Be Vigilant About Gas Station Safety

gas station safety

Pumping gas is one of many acts so routine to daily life, it’s easy to switch our minds to autopilot once we stop the car. But it’s precisely that inattentiveness that is contributing to a growing problem occurring at gas stations across our region: theft.

Gas stations may not seem like breeding grounds for thieves. After all, patrons are rarely more than a few feet from their cars. When pumping gas, however, drivers are often distracted by their phones, television monitors or just the increasing numbers on the gas pump. They may also step away from their vehicles to pay for gas or goods inside the station. All this time, their car doors usually remain unlocked, providing thieves with a window to strike.

If a criminal spots a valuable item inside the vehicle, all they have to do is drive up next to the car, open the door, grab the item and quickly drive off. Thieves have also been known to jump in the driver’s seat and steal the car itself. All said, a criminal can pull off a heist in the matter of seconds.

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Gas Station Safety Tips

Taking simple precautions can go a long way to minimize your risk of danger at a gas station. Here are some helpful tips.

  • Whenever possible, use gas stations that are well-lit, located in busy areas and have surveillance cameras. If you’re in unfamiliar territory, begin looking for a station sooner rather than later. This will provide you with the opportunity to skip ones that look unsafe, rather than being forced to stop because you’re nearly out of gas.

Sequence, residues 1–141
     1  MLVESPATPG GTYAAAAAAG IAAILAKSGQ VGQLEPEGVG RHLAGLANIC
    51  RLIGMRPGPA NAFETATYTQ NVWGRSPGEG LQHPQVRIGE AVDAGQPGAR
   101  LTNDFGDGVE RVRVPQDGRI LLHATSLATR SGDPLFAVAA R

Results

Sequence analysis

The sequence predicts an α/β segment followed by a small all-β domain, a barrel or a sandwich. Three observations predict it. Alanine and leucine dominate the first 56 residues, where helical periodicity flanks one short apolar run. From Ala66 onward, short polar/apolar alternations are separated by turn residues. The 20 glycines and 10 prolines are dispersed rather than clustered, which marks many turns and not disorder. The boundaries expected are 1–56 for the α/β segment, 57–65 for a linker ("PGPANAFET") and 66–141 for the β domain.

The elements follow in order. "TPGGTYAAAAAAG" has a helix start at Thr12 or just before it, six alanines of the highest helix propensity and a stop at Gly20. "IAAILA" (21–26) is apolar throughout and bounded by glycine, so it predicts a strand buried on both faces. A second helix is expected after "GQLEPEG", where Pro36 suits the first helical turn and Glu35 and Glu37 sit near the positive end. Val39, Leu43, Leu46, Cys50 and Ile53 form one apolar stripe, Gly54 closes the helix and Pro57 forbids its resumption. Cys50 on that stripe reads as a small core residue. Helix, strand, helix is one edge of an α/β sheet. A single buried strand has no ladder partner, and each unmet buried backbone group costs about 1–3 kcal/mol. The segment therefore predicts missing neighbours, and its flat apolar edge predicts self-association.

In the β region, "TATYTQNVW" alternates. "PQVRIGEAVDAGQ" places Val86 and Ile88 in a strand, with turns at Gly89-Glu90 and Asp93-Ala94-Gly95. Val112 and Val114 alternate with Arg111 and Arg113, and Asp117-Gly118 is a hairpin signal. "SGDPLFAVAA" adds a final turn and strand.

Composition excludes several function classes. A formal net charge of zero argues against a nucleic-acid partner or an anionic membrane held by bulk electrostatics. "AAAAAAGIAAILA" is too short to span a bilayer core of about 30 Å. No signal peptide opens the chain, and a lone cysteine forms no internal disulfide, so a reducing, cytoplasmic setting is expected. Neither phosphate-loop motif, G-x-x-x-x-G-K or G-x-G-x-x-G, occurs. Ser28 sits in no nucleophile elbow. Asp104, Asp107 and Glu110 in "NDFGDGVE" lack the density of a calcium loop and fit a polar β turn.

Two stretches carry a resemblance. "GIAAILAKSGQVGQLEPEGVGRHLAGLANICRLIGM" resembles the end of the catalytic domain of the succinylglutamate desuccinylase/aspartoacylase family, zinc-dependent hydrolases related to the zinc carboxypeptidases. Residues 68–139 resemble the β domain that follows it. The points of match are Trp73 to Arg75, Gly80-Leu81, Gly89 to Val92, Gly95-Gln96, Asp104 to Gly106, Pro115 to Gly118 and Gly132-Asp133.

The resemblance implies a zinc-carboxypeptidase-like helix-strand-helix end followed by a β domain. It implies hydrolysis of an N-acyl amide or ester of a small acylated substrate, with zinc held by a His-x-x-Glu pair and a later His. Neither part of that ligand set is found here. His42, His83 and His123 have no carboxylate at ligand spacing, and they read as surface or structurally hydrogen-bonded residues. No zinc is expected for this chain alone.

• Pick a gas pump that is well-lit and closest to the building or attendant, even if this means waiting for the pump to be free.
  • Always remove your car keys, lock your doors and roll up your windows before getting out to pump gas.
  • Keep valuables, including handbags and wallets, on your person or out of sight.
  • If you have a panic button on your key fob, keep your finger on it and press it if you feel like you’re in danger.
  • If you don’t have to gas up late at night, don’t. Wait until the morning.
  • Resist the urge to look at your phone and keep it tucked away.
  • If you need to enter the station to buy something, fill up your gas tank first, then move your car closer to the store, park and lock the doors.
  • Most importantly, always pay attention to your surroundings, even if you’re at a familiar gas station in the middle of the day.
  • Credit card skimming devices are often placed on gas pumps, so be cautious when using your card for payment. Look for any signs of tampering, such as loose or misaligned card readers or broken security tape, and cover the keypad with your hand when entering your PIN. 

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